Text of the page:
Each age creates its heroes, often remaking those of the past to fit with
Take Superman. The new movie, Man of Steel, revisits the origins of the
Superman character. A friend of mine with whom I saw it wished that the movie
had more of the ironic humor of the 1978 Superman, the one starring Christopher
Reeve and directed by Richard Donner.
But that was then, 35 years ago. Today, even in our hyper-ironic age, you can't
really make Superman a dark avenger, à la Batman in Christopher Nolan's films,
or a wisecracking billionaire industrialist who does good despite his hedonistic
excesses, as in the Iron Man movies.
With a character as iconic Superman, you've got to find a way to deal with
what is essentially, an earnest American story that might seem a bit out of sync
with where we are today. Judging by the global box office so far -- more than $200
million in its first weekend -- this iteration of the Superman story is finding an
audience. It's speaking, then, to contemporary consumers, certainly in ways that
the former re-launch, Superman Returns, from 2006, did not.
Some people still don't really care for Superman, finding him too goody-goody
But you can't really not have an upright Superman, because then you wouldn't
have Superman. What you do is to try to position the Superman everyone
recognizes so that he seems more viable -- for a comic-book character -- in light of
today's society. I think Men of Steel works pretty well here, even if the movie is a
bit long, and the climactic battles too drawn out. But this Superman feels more of
today than earlier ones might have had they been launched anew without taking
into account how we regard heroes.
A reason is contextualization. This Superman movie -- with a story co-written
by Christopher Nolan, who rebooted the darker, even-more-tortured Batman --
uses the familiar elements many people already know from the comics and earlier
movies, and changes them slightly to appeal to our current social outlook.
We live in an age where people are suspicious of heroes, or of certain types of
heroics. Which is why the Batman movies, with their conflicted Bruce Wayne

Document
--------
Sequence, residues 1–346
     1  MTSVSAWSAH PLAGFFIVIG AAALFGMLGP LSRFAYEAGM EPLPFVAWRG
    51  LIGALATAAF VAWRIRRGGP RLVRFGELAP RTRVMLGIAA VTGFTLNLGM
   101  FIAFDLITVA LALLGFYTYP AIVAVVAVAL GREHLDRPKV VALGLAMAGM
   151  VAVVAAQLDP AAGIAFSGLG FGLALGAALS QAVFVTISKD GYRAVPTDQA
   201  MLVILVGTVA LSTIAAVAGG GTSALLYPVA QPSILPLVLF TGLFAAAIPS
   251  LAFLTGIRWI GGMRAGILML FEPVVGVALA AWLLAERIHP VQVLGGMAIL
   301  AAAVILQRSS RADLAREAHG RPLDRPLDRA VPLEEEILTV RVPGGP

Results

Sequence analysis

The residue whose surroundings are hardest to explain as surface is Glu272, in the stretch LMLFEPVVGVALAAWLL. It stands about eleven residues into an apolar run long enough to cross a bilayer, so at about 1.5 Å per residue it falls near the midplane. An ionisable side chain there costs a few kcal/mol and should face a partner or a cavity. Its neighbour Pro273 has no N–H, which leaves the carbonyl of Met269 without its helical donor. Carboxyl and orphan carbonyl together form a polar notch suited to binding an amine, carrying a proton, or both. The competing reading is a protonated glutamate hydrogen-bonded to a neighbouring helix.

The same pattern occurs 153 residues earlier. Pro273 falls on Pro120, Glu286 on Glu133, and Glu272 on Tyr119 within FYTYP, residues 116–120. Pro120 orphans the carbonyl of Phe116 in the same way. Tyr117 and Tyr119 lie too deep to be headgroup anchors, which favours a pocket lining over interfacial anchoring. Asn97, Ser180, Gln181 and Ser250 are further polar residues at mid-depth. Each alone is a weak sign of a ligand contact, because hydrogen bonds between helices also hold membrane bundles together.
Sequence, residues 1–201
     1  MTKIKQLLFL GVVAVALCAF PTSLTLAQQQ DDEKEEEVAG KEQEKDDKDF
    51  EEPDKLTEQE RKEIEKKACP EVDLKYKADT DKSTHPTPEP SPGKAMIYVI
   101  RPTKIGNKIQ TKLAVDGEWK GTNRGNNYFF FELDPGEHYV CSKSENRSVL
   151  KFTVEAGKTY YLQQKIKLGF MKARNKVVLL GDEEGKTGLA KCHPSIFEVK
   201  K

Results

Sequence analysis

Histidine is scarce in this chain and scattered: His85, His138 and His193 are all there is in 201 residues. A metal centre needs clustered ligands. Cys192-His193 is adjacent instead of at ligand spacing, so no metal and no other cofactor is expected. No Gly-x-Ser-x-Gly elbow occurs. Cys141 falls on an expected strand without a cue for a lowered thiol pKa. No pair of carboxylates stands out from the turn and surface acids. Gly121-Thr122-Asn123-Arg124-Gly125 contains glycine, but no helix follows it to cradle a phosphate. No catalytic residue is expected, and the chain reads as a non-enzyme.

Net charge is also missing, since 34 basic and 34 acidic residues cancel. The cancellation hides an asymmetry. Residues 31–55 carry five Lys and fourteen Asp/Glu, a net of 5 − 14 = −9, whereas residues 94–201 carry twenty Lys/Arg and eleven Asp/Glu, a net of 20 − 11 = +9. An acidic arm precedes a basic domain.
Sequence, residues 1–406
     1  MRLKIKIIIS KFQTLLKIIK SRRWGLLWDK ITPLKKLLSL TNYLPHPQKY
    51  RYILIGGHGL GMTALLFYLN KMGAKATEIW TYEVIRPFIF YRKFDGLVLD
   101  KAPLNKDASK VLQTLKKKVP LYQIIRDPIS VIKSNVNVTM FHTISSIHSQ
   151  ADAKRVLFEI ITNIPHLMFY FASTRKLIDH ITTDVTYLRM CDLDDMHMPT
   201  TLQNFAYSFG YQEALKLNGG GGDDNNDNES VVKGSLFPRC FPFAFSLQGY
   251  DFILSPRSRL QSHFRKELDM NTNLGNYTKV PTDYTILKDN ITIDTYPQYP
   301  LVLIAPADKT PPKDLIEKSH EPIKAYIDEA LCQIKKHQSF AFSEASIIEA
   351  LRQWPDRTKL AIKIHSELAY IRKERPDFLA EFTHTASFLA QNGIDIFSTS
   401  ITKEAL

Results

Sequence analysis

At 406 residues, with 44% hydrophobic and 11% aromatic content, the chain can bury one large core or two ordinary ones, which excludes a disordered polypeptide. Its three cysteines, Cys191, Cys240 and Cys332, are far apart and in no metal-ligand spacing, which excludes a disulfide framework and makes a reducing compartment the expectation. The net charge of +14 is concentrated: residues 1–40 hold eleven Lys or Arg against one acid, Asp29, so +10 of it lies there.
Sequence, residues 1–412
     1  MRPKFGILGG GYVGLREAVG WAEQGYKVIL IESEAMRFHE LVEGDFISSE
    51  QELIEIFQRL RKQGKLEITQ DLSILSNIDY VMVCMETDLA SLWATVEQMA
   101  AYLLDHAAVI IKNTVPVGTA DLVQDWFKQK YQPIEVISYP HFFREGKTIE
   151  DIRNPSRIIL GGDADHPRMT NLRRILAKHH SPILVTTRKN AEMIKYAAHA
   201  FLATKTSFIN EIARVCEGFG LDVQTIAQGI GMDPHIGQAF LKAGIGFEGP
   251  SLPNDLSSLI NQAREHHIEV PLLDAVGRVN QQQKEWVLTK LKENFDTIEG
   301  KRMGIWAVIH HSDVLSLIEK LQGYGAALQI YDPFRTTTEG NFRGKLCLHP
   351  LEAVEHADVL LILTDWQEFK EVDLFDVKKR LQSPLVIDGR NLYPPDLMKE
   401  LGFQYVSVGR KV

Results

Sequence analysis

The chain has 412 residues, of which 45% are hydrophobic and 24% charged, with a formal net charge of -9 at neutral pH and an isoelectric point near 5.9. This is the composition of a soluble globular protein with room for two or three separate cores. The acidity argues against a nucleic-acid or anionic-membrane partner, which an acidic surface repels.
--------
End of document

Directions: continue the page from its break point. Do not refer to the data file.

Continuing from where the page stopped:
becoming a conflicted Batman, hit home. Here, the filmmakers wisely allow
Superman to question what he can actually do in the world, and what he --
someone who isn't from here and who is, in effect, an immigrant -- can expect to
achieve when he knows that were he to reveal his true origins he would be
At the same time, the movie hews to the Superman story's mythic, even
biblical beginnings. First, there are echoes of Moses (the young Kal-el is not set
onto the Nile in a craft made of bulrushes, as was Moses, but is sent to safety from
the dying planet Krypton in the sci-fi version of a bulrush craft, a small spaceship).
And there are obvious allusions to Jesus: Superman comes into his own at the
age of 33, and his adoptive parents are named Jonathan and Martha, a nod to
Joseph and Mary. And of course there are intimations of Hercules and Samson,
mythological and biblical heroes of great strength who are tested by significant
At the same time, this Superman story speaks to something very now: our
growing realization that we are probably not alone in the universe. In today's
society, we like to believe we're part of a greater community, and as scientists
discover more and more Earth-like planets circling distant and not-so-distant stars
(they've already found more than a thousand planets outside our solar system),
we welcome the inevitability that we will someday detect signs of life, if not
civilization, far away. We are far from thinking we are the only planet among
trillions of stars to support intelligent life. This is both thrilling and humbling, and
makes Superman something more than an invincible superhero.
All of these various elements in the movie help provide a different context to
the Superman myth. He is not just a strongman who earnestly battles villains.
He's someone who has questioned himself, discovers he is from far away,
embraces his new country, learns to accept and control his gifts and reluctantly
offers his help. Not a self-aggrandizing hero, but one who, though still earnest and
given a halo of Americana (raised in Kansas by farmers, for one thing), wants to
be a person among people and do good without jeopardizing what he considers a
life of normality, that is, of remaining unknown.
That might not seem hip to people who crave fame above all else, but in a
society that values small actions over self-aggrandizement, even a Superman
who wants to help without making a big deal of it is a real change from the tired
Superman myths of yore.